Prel"ate (?; 48), n. [F. pr'elat, LL. praelatus, fr. L. praelatus, used as p. p. of praeferre to prefer, but from a different root. See Elate.]

A clergyman of a superior order, as an archbishop or a bishop, having authority over the lower clergy; a dignitary of the church.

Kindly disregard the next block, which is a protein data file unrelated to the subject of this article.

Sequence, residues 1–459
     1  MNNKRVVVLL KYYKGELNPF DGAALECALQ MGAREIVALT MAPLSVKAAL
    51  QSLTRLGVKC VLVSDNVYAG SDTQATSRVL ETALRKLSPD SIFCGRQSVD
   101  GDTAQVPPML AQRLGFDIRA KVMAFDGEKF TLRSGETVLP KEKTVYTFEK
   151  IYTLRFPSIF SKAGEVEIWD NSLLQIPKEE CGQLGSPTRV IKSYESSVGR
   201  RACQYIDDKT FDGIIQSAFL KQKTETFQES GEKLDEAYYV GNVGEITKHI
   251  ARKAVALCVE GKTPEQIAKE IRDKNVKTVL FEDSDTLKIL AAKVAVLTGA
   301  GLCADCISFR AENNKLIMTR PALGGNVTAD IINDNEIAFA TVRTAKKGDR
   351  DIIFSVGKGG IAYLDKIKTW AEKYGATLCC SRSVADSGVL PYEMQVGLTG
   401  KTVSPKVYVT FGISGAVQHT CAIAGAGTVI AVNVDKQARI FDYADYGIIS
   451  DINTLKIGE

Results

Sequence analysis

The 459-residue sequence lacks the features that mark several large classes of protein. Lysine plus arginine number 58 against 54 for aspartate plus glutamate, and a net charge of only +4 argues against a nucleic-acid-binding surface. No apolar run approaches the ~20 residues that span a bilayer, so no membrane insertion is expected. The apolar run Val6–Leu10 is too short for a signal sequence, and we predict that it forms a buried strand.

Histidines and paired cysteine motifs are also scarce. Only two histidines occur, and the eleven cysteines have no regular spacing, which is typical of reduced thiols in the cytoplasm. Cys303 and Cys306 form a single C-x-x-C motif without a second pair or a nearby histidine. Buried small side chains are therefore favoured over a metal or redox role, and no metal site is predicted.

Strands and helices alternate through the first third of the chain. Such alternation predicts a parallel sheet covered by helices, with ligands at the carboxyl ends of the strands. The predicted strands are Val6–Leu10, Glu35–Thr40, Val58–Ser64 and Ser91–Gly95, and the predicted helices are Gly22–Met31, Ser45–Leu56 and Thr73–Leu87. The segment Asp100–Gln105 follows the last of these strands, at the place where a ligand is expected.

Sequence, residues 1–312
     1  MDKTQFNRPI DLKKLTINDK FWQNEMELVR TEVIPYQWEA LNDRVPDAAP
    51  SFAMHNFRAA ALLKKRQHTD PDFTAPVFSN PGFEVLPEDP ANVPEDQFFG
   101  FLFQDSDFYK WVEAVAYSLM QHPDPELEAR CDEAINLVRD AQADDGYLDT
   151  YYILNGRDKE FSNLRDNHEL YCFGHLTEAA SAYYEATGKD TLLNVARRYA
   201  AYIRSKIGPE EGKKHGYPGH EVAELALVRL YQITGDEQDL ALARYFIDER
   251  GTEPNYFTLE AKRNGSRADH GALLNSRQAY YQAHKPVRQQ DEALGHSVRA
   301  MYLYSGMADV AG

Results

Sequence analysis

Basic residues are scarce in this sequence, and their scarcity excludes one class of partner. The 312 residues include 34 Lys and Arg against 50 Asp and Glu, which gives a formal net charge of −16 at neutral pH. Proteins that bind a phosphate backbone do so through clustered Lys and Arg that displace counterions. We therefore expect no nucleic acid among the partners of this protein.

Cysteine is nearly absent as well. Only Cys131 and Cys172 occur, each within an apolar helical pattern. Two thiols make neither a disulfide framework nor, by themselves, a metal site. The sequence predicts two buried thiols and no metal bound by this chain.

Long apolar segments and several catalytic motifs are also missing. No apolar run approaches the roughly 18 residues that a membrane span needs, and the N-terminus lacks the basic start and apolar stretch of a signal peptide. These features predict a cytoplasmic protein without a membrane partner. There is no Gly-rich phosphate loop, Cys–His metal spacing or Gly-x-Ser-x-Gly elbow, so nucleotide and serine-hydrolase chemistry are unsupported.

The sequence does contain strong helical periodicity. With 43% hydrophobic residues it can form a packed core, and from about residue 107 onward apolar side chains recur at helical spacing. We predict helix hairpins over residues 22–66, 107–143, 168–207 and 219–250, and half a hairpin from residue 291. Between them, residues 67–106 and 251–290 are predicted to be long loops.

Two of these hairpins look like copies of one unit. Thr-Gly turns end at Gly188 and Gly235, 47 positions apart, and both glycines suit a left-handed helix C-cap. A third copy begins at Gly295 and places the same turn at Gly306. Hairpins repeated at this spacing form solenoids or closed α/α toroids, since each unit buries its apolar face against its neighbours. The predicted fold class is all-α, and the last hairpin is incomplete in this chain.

This word and the words derived from it are often used invidiously, in English ecclesiastical history, by dissenters, respecting the Established Church system.

Hear him but reason in divinity, . . . You would desire the king were made a prelate. Shak.

 

© Webster 1913.


Prel"ate (?), v. i.

To act as a prelate.

[Obs.]

Right prelating is busy laboring, and not lording. Latimer.

 

© Webster 1913.

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